Basics of Kangaroo Care

Basics of kangaroo care/skin to skin contact

First family photo in Wisconsin.  Photo used with permission and provided by Betsy R. 

DEFINITION

Kangaroo Care, Skin-To-Skin Contact, and Kangaroo Mother Care are terms that relate to the holding of a diaper clad infant bare-chest to bare-chest, ventral-surface to ventral-surface by the mother, father, or others. (Source: USIKC).

HISTORY:

This method was invented in Bogota, Colombia, and consists of skin to skin contact between the adult and baby, from the time of birth (from the delivery room or intensive, intermediate or basic care,) the food based on breastfeeding, and the early discharge from the hospital.

It is well known that while the attention of high–tech medical care is essential, babies have to endure the stress conditions from which they were supposed to be protected by the womb: noise, light, painful procedures and sleep and wakefulness cycles. All these noxious stimuli affect the development of the neurological system, which is still immature, unable to adequately respond to all this and become attacks that can leave short, medium and long term consequences.

PARENTS:

Parents need to be present with their baby as soon as they can to provide an effective, more kinder and gentler environment in Kangaroo Care. They should hold as long as they can, no less than one hour which is the length of one full sleep cycle.

WHO RECOMMENDS IT:

Many sessions a day if necessary and with minimal interruptions, as recommended by The American Academy of Pediatrics, The Academy of Breast Feeding Medicine, UNICEF, the World Health Organization, the Neonatal Resuscitation Program, and the United States Institute of Kangaroo Care.

“Best Practice is Kangaroo Care as soon as possible, for as long as possible, and as uninterrupted as possible” 
(Nyqvist et al., 2010, May Acta Paediatrica)

Parent/adult: sitting up or reclined (never horizontal, side lying, or prone).

Infant: Infant is placed between the parent’s bare breast, strictly vertical and in a prone position, with legs and arms flexed, head in midline and lateral position to allow maximum skin-to-skin exposure. The top of the baby’s head is placed a couple of inches lower than the mother’s neck.  Make sure the baby’s face is uncovered and the nose and mouth unobstructed.

Baby only wears diaper (no higher than the belly button) and a hat. Socks may be worn if the room is cold.

Birth Kangaroo Care Position:

During the first hour of life of a healthy or stable baby, when the baby is placed in birth KC position: strictly vertical between the breasts of the mother, and the eye level of the child is at the level of the mother’s nipples to reduce the length of the “natural journey” to the first breastfeed.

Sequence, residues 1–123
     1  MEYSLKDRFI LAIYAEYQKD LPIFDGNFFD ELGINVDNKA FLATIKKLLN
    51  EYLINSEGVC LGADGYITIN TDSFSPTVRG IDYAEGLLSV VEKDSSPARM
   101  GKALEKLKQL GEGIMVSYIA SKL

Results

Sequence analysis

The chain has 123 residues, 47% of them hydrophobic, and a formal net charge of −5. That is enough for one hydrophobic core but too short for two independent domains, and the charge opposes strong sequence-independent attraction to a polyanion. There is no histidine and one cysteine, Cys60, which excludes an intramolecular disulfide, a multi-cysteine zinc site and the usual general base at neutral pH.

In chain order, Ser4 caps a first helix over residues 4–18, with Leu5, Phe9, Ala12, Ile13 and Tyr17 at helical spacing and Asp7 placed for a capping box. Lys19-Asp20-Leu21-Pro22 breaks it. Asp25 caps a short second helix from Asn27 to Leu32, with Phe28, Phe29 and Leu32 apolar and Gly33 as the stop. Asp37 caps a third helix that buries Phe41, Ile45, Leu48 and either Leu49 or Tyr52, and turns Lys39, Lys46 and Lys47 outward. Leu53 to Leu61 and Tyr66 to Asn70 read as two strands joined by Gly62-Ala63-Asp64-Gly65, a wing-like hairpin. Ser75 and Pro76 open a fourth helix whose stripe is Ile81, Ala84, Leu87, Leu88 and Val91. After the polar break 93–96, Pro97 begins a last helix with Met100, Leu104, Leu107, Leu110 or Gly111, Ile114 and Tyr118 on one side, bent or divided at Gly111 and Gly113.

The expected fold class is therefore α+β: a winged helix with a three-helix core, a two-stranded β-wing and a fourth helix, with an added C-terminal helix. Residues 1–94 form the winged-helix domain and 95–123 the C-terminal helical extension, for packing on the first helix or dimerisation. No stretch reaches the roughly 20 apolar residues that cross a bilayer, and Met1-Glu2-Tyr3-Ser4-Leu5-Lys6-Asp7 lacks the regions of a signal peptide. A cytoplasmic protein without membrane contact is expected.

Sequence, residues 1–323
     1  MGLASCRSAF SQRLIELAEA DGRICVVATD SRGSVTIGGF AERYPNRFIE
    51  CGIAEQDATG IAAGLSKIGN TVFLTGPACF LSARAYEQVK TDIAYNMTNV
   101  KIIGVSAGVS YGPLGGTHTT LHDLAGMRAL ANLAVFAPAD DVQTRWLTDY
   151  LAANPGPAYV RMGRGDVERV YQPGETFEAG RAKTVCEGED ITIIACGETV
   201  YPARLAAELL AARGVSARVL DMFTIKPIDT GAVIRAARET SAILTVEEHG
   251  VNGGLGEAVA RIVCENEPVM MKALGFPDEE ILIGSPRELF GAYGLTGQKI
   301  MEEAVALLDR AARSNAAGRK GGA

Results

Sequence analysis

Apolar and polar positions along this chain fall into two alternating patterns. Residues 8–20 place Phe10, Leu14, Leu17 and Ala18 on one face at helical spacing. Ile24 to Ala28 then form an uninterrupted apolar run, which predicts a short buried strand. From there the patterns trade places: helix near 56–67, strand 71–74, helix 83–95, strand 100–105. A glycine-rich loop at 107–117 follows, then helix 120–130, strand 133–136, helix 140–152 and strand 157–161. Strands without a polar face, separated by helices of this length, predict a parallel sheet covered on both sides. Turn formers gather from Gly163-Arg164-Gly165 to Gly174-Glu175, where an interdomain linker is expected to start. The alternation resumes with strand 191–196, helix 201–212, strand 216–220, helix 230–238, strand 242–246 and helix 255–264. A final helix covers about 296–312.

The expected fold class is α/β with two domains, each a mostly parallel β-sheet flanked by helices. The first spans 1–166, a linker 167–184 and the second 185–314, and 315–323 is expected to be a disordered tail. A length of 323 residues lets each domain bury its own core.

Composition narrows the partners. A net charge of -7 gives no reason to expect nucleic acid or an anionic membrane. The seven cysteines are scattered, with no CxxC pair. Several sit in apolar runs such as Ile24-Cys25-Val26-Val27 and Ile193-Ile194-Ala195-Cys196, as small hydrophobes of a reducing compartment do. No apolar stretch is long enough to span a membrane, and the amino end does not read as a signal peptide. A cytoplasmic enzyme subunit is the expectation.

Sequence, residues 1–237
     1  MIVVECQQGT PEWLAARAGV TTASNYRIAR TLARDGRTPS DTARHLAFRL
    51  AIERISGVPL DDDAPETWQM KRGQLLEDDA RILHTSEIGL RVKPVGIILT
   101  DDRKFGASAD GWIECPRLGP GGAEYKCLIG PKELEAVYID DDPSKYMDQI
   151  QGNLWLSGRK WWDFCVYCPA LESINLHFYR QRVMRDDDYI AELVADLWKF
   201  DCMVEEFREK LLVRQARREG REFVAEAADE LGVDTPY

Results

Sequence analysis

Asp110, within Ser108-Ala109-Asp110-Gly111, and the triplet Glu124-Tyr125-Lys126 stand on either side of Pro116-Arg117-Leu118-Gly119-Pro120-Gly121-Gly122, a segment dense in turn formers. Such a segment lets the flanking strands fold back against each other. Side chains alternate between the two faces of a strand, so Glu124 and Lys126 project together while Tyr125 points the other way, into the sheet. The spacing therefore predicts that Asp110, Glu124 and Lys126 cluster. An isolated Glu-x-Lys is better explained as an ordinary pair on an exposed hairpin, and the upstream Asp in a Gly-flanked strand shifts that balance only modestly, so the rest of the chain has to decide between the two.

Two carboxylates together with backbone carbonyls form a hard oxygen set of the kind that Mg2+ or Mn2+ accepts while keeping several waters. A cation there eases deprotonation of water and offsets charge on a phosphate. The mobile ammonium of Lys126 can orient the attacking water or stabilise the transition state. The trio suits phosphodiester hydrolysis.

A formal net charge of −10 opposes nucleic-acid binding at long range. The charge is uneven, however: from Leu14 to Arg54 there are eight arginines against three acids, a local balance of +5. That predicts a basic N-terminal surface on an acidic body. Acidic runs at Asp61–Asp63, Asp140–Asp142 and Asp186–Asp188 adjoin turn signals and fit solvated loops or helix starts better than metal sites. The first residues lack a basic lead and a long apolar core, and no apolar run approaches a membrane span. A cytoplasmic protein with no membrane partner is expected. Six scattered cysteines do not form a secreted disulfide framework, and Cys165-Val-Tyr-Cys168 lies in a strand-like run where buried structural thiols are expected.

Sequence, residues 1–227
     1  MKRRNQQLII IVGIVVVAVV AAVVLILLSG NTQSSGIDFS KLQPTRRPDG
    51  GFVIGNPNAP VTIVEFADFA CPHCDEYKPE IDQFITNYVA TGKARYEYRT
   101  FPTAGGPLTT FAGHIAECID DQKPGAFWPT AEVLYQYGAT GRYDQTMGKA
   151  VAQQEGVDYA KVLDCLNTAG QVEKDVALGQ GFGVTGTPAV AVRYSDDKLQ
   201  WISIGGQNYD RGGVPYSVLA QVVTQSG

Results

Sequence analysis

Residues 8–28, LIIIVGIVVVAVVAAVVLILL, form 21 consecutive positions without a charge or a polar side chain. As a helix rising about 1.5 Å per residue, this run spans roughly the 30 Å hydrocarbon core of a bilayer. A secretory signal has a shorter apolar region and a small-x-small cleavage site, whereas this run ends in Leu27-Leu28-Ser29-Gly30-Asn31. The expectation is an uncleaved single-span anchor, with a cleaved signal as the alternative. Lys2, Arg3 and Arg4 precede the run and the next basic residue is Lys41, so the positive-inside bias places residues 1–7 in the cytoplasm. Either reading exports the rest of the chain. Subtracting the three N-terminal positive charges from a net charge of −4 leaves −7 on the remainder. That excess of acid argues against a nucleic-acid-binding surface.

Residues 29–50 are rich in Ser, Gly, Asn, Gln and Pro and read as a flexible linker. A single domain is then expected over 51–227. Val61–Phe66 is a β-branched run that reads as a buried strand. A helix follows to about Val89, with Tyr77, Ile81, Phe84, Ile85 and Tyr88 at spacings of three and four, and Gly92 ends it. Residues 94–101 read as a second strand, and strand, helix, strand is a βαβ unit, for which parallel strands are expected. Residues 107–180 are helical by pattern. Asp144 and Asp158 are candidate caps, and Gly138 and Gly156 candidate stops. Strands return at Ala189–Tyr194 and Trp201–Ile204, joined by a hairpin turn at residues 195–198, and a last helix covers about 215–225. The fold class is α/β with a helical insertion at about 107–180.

Resting in KC (World Health Organization)
Graphic by World Health Organization

Resting in Kangaroo Position:

Parents should be able to rest while doing Kangaroo Care. According to the World Health Organization, the mother will best sleep with the baby in kangaroo position in a reclined or semi-recumbent position, about 15 degrees from horizontal. It has been observed that this position may decrease the risk of apnoea for the baby

Some parents prefer sleeping on their sides in a semi-reclined bed (the angle makes sleeping on the abdomen impossible), and if the baby is secured as described there will be no risk of smothering.

A comfortable chair with adjustable back may be useful for resting during the day.d

Benefits of Kangaroo Care

The Science Behind Kangaroo Care

By Barbara Weaver, CCRN, Yamile Jackson, PhD, PE, PMP
Poster Presented at Graven’s Conference (2013):

Poster Science Behind KC

Benefits for the parents include:

  • Enhanced attachment and bonding (Tessier et al., 1998).
  • Resilience and feelings of confidence, competence, and satisfaction regarding baby care (Tessier et al., 1998; Conde Agudelo, Diaz Rossello, & Belizan, 2003; Kirsten, Bergman, & Hann, 2001).
  • Increased milk volume, doubled rates of successful breastfeeding and increased duration of breastfeeding (Mohrbacher & Stock, 2003).
  • Physiologically her breasts respond to her infant’s thermal needs (Ludington-Hoe et al., 2006).
  • Profoundly beneficial for adoptive parents with critically ill preterm infant (Parker L, Anderson GC. , 2002).

Benefits for the babies include:

  • Kangaroo Care reduces neonatal mortality (Conde-Agudelo et al, 2011).
  • Less incidence and severity of infection (Charpak N, Ruiz-Pelaez JG, Figuero de Calume Z, Charpak Y., 1997).
  • Accelerated autonomic and neurobehavioral development (Feldman R, Eidelman, 2003).